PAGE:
The timing of Bend singer-songwriter Alicia Viani’s self-titled debut album couldn’t have been worse: April 2020, right at the start of the COVID-19 pandemic.
“It’s such a huge labor of love to create an album, especially a debut,” said Viani, this week’s featured Central Oregon Creative Artists Relief Effort (CO CAREs) performer. “It was disappointing to have the momentum interrupted.”
Still, despite this setback, Viani, 40, carried on throughout the pandemic. She performed in online, livestream concerts for charity, and eventually played some socially distanced outdoor shows.
There was a silver lining to playing her new songs online, rather than with a live audience, Viani said. She describes herself as a “shy performer” who can get anxious on stage, so the livestream shows helped her hone her performance skills, she said.
“I felt like I was just playing for myself and my friends, which helped me drop in into what I was doing and why I was doing it,” Viani said. “I was less hooked by performance anxiety like, ‘what are people thinking,’ and all that nonsense.”
Viani said she did about four livestream shows during the worst parts of the pandemic. For one of those, in March 2020, all proceeds went to local nonprofit Thrive Central Oregon to help low-income families with COVID-19 needs, she said.
Luckily, a lack of touring income wasn’t a concern for Viani, who has a full-time job as a clinical therapist.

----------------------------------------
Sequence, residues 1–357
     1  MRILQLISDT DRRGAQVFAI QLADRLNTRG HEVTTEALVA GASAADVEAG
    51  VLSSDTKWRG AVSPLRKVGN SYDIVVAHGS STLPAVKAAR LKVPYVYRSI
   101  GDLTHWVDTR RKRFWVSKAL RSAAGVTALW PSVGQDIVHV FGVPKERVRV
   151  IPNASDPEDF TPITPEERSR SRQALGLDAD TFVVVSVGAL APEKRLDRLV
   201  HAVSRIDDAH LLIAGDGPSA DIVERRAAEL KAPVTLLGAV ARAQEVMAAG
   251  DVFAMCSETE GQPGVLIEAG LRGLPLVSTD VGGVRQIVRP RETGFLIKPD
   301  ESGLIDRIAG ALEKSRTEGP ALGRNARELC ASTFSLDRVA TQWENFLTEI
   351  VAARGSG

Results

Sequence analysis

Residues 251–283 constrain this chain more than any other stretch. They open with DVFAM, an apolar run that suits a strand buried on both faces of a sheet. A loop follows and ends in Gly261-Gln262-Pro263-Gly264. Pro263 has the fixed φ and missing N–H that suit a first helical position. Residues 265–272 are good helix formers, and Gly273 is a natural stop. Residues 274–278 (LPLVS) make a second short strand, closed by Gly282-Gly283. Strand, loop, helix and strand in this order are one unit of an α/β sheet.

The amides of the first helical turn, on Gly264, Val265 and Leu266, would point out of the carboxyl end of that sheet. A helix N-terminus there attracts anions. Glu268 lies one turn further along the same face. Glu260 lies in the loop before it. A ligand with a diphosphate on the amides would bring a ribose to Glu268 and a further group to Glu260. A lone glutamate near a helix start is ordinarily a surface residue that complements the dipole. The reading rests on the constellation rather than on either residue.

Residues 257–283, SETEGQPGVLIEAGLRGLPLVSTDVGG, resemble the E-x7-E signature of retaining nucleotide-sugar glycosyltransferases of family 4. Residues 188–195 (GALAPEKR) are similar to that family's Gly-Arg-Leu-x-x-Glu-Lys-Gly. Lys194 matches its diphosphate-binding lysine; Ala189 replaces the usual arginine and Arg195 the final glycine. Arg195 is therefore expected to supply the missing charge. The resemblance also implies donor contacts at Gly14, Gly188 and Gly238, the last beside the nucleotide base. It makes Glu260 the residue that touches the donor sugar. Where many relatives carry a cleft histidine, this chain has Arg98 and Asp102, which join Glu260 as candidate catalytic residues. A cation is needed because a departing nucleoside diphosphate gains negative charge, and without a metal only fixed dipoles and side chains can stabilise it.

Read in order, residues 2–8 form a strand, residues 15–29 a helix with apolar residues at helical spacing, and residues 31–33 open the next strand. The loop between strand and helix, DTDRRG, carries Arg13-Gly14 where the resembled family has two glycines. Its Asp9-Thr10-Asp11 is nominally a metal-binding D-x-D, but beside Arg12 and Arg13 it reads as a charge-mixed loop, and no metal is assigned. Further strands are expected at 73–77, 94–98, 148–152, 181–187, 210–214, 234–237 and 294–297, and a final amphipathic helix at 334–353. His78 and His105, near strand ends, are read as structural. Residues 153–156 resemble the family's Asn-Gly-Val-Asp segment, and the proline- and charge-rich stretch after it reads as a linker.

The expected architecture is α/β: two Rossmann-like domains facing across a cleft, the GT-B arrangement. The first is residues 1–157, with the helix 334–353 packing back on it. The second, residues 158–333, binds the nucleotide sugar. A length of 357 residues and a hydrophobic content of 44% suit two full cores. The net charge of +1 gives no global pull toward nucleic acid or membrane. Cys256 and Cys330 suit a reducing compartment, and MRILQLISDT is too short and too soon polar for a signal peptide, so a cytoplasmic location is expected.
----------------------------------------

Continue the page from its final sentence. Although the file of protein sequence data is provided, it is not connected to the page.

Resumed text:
“It was less devastating because it wasn’t my career — I did (music) because it was a creative outlet,” she said.
But eventually, by the winter of 2021, Viani was already back to doing live shows. But they were in COVID-safe settings — outdoors at Silver Moon Brewing’s patio, or in garages at homes in Bend and Tumalo.
In February, Viani and her duo partner/bassist Mark Karwan played a private gig at a Bend home for an anniversary. The duo serenaded the engaged couple from the home’s patio in the cold — don’t worry, they had their own fire pit — while the couple danced, she said.
“It was a great experience,” Viani said. “Events like that remind me that music is connective and it brings joy.”
Now, Viani and her band have a series of live, in-person shows lined up — including a July Fourth concert at the On Tap food cart pod. And she said her livestream shows have taught her how to feel more comfortable on stage.
“When I started performing live again, I just felt so much joy in myself,” she said. “A lot of my performance anxiety evaporated, because I was reminded of the purpose of (playing music).”